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News: Mesopotamia
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Copy of a bas relief from the North Palace of Ashurbanipal (669–631 BC) at Nineveh showing a garden. Source: Wikimedia Commons.
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by Archaeology Newsroom

The Hanging Gardens were not in Babylon

They were in Niniveh according to researcher Stephanie Dalley

The “Hanging Gardens of Babylon”, one of the Seven Wonders of the Ancient World may have been located 340 miles N of Ancient Babylon, where the Assyrian capital of Nineveh lies. This is the theorie supported by Oxford Assyriologist Stephanie Dalley, who also wrote a book on the subjct.

In her book, entitled “The Mystery of the Hanging Garden of Babylon”, Dalley supports that, despite the abundance of sources mentioning the accomplishments of Nebuchadnezzar -the king traditionally associated with the gardens- nothing indicates that these accomplishments included something sounding like gardens. On the contrary, Sennacherib (704-681 B.C.), the Assyrian king who made Nineveh his capital, had created a massive system of waterworks, including an aqueduct that carried water to the city from hills 40 miles away. To immortalize his accomplishments, Sennacherib also left a number of inscriptions.  “The inscriptions of Sennacherib in particular refer proudly to his great network of canals, and often describe them in the context of luxurious gardens and parks,” says Jason Ur, an anthropological archeologist at Harvard University.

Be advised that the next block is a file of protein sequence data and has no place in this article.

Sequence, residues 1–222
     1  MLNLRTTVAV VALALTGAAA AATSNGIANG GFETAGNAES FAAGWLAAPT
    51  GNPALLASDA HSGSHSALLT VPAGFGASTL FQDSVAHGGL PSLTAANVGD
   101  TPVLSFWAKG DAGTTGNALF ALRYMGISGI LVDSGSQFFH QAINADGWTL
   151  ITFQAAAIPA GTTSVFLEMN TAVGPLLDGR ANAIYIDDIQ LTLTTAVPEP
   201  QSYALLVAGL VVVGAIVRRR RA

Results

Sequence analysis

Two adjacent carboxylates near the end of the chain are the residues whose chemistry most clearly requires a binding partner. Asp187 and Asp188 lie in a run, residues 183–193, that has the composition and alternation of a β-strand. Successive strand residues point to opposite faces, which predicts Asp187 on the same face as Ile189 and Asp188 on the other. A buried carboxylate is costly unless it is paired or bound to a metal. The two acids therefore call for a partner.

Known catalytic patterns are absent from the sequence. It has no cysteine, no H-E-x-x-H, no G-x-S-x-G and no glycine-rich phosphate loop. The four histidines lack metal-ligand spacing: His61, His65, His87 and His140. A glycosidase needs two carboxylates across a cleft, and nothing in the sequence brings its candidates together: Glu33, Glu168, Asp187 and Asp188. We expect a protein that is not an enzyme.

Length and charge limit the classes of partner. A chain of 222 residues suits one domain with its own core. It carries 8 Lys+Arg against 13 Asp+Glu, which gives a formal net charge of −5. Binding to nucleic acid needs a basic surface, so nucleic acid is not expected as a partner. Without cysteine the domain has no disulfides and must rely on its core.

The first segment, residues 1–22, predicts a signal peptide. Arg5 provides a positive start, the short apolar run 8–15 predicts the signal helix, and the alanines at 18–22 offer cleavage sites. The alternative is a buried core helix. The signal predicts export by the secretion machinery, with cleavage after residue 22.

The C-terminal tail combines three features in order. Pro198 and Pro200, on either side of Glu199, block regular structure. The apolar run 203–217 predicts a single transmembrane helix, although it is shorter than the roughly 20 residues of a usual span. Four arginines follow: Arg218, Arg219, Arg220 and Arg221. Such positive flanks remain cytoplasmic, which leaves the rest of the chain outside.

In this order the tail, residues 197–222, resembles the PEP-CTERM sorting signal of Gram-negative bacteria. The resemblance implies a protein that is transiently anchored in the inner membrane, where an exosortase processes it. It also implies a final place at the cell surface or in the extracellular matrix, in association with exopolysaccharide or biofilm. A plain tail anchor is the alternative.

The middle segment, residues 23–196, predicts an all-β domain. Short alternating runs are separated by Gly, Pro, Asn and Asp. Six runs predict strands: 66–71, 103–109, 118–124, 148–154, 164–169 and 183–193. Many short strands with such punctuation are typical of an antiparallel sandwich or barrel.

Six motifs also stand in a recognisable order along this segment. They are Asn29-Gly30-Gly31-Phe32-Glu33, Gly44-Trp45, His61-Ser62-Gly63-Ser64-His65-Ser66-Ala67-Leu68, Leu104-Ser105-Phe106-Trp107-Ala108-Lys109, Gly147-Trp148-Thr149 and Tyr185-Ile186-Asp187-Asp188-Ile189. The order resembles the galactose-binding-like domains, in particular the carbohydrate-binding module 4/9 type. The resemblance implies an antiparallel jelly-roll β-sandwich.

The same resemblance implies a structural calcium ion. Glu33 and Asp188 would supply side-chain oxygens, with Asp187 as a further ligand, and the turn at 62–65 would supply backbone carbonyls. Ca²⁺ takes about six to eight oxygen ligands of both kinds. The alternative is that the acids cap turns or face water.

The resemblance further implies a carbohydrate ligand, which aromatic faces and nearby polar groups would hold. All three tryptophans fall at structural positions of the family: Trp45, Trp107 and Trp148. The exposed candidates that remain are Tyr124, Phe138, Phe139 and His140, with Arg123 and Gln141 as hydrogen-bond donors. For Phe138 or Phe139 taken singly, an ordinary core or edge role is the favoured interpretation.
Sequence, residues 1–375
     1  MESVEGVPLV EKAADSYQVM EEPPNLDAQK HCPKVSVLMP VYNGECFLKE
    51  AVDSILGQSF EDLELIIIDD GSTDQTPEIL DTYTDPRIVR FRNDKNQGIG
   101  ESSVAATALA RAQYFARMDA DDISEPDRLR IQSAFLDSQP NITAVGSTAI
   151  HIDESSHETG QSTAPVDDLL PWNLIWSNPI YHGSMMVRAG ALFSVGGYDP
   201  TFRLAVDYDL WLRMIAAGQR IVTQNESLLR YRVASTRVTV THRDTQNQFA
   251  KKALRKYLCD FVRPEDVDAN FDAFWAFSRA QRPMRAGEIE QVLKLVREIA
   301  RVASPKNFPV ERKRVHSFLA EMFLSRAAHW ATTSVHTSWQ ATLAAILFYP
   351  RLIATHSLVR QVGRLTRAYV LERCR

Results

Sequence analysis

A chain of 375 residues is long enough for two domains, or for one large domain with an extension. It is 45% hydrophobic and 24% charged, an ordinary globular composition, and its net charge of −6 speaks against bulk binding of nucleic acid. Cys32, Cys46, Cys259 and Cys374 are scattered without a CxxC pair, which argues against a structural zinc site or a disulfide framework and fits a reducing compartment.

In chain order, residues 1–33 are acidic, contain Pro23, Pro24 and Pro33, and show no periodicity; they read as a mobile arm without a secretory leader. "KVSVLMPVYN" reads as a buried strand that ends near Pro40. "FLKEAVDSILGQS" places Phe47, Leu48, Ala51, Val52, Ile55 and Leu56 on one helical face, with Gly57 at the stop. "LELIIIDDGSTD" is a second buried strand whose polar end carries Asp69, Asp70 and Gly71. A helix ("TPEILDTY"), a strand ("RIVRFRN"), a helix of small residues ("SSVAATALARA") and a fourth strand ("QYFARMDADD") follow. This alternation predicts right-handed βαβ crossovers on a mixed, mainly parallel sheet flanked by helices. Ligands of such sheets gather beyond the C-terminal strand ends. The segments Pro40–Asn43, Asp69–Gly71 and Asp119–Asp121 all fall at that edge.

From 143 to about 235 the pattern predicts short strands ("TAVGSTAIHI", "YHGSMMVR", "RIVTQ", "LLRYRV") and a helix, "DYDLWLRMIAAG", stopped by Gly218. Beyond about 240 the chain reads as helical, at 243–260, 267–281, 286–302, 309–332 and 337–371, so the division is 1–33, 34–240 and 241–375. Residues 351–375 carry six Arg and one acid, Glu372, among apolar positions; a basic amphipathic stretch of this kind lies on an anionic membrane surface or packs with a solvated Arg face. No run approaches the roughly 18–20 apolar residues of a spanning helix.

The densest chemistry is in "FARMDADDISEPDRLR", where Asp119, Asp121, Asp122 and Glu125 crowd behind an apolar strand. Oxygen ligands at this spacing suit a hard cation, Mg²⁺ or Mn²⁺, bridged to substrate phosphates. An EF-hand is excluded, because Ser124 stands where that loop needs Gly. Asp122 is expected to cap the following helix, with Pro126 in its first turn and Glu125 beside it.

Despite being attractive though, Dalley’s theory has not been widely accepted, on the basis that lack of evidence does not actually prove anything. According to McGuire Gibson, professor of Mesopotamian archaeology at the University of Chicago’s Oriental Institute, there is a spot in Ancient Babylon where gardens could exist and it was quite close to the royal family’s living quarters: the so-called Southern Citadel, “a massive group of walls that are right on the river. This is the only place that would have made it easy to gain access to the water”. Prof. Gibson also states that “the technology, even then, would have allowed the raising of the water in stages”.

Whether anything similar survives in Nineveh, it is difficult to say. Due to the continuous violence taking place in present day Nineveh and the continuous pillaging of the site, it is highly unlikely that anyone will excavate there or traces of the gardens would survive. It iseems that the Hanging Gardens are meant to remain a legend.

NOTES